Thus, the question here is not really whether or not the University of Chicago should have a center named for Milton Friedman, but whether or not it deserves to have one – whether the institution wishes to tie its future with the likes of Mr. Lincoln and his co-conspirators or whether it associates itself with the accomplishments and ideals so well represented in the life of Professor Friedman.  It was much to its credit that the University of Chicago provided an academic home to Milton Friedman during those decades in which his views were out of favor.  It would now disgrace itself if, after those views have won broad assent in the marketplace of ideas, it chose to reject his example under pressure from know-nothings like Professor Lincoln.


               There is, of course, no precedent being broken by naming a research center after a figure like Milton Friedman.  There is already at the University of Chicago the Harris School of Public Policy, the Pritzker School of Medicine, and the Friedrich Katz Center for Mexican Studies – the latter named after a longtime professor at the University whose specialty was Mexican politics and history.  In the Divinity School, there are centers named after former professors Martin Marty and Jerald Brauer.  This merely scratches the surface of named programs at the University of Chicago.


               Nor is the University so free from ideological programs as Professor Lincoln claims that it is.  Here, from the University’s website, is a description of The Center for Gender Studies:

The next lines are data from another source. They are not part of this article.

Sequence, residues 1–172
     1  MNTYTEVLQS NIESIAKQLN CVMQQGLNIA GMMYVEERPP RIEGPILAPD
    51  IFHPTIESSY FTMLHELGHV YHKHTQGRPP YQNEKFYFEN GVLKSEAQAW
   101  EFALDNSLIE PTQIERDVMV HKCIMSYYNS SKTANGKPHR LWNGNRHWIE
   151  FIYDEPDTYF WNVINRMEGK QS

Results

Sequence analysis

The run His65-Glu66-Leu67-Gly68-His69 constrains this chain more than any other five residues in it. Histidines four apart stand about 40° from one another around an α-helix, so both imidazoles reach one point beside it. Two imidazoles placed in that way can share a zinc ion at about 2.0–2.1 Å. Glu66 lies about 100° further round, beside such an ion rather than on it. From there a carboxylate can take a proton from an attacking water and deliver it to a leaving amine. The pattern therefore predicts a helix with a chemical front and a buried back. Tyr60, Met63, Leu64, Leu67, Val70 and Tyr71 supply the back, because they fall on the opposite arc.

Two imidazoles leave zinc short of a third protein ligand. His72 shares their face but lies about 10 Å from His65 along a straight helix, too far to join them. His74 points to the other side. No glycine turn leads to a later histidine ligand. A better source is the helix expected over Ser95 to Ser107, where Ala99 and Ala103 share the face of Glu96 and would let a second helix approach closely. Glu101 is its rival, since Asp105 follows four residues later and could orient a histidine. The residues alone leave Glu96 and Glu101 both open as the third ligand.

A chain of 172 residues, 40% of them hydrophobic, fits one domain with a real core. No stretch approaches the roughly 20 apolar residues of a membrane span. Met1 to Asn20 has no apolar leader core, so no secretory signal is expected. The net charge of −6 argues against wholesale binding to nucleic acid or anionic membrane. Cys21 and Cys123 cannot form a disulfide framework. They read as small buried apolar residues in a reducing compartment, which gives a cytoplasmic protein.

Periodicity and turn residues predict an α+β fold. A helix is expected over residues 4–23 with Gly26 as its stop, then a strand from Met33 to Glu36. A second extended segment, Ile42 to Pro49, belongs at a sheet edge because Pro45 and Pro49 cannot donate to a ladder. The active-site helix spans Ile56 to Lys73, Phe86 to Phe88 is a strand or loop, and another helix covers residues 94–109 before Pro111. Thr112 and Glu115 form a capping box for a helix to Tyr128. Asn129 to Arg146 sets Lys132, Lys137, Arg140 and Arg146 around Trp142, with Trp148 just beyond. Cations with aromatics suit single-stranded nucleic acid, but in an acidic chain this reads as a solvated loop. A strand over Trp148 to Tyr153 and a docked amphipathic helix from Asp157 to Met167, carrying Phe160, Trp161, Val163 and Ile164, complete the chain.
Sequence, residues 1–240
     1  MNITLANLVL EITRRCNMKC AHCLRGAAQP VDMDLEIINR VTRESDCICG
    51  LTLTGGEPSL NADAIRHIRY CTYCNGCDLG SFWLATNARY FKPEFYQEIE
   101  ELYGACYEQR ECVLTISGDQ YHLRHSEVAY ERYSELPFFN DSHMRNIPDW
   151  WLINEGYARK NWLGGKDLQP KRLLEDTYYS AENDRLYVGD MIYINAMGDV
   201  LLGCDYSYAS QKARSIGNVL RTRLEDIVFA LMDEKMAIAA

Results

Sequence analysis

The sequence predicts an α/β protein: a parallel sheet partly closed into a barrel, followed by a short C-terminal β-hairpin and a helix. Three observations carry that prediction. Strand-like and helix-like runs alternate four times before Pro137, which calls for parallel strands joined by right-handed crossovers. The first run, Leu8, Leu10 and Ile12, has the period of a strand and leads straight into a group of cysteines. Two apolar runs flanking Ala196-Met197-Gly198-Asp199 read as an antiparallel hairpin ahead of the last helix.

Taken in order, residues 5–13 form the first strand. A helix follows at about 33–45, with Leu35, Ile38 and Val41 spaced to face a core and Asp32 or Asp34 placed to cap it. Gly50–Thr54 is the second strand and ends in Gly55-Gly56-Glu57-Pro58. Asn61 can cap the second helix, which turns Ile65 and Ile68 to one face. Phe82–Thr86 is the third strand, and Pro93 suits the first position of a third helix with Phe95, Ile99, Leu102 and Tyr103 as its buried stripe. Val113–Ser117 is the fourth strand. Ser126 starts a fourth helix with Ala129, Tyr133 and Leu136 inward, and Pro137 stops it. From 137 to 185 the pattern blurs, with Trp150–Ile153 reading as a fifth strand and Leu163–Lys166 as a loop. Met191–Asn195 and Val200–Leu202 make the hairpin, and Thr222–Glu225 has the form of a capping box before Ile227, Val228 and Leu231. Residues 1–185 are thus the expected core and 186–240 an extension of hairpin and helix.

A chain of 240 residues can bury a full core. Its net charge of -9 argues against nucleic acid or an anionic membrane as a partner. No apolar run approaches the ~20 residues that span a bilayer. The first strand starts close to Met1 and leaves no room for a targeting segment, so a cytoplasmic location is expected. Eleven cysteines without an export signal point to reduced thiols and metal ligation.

The Center for Gender Studies consolidates work on gender and sexuality, and in feminist, gay and lesbian, and queer studies. Along with fostering teaching, research, and discussion at the University, the Center seeks to reach out into public areas where gender and sexuality come together with other political, social, artistic, and intellectual concerns.   


Women have very different stories to tell about the experiments in co-education and faculty diversification; the experience of the classroom, the laboratory, the dorm, and the streets of Hyde Park; the problems of mentorship, intellectual community, and career advancement; the opportunities for political action and community involvement, for friendship, romance, and sexual experimentation. (Emphasis added)


                The University of Chicago is plainly awash in programs intended to advance left-wing ideology and political action – not to mention those promoting “romance and sexual experimentation.”   The directors of the Center for Gender Studies dare to state this openly in the conviction that it will not appear controversial in the least to their like-minded colleagues in the Divinity School and elsewhere.  Milton Friedman’s intellectual legacy clearly cuts against the grain of this kind of academic fare and, indeed, it seems increasingly out of place in the politicized university of today – which is precisely why the University of Chicago should celebrate it.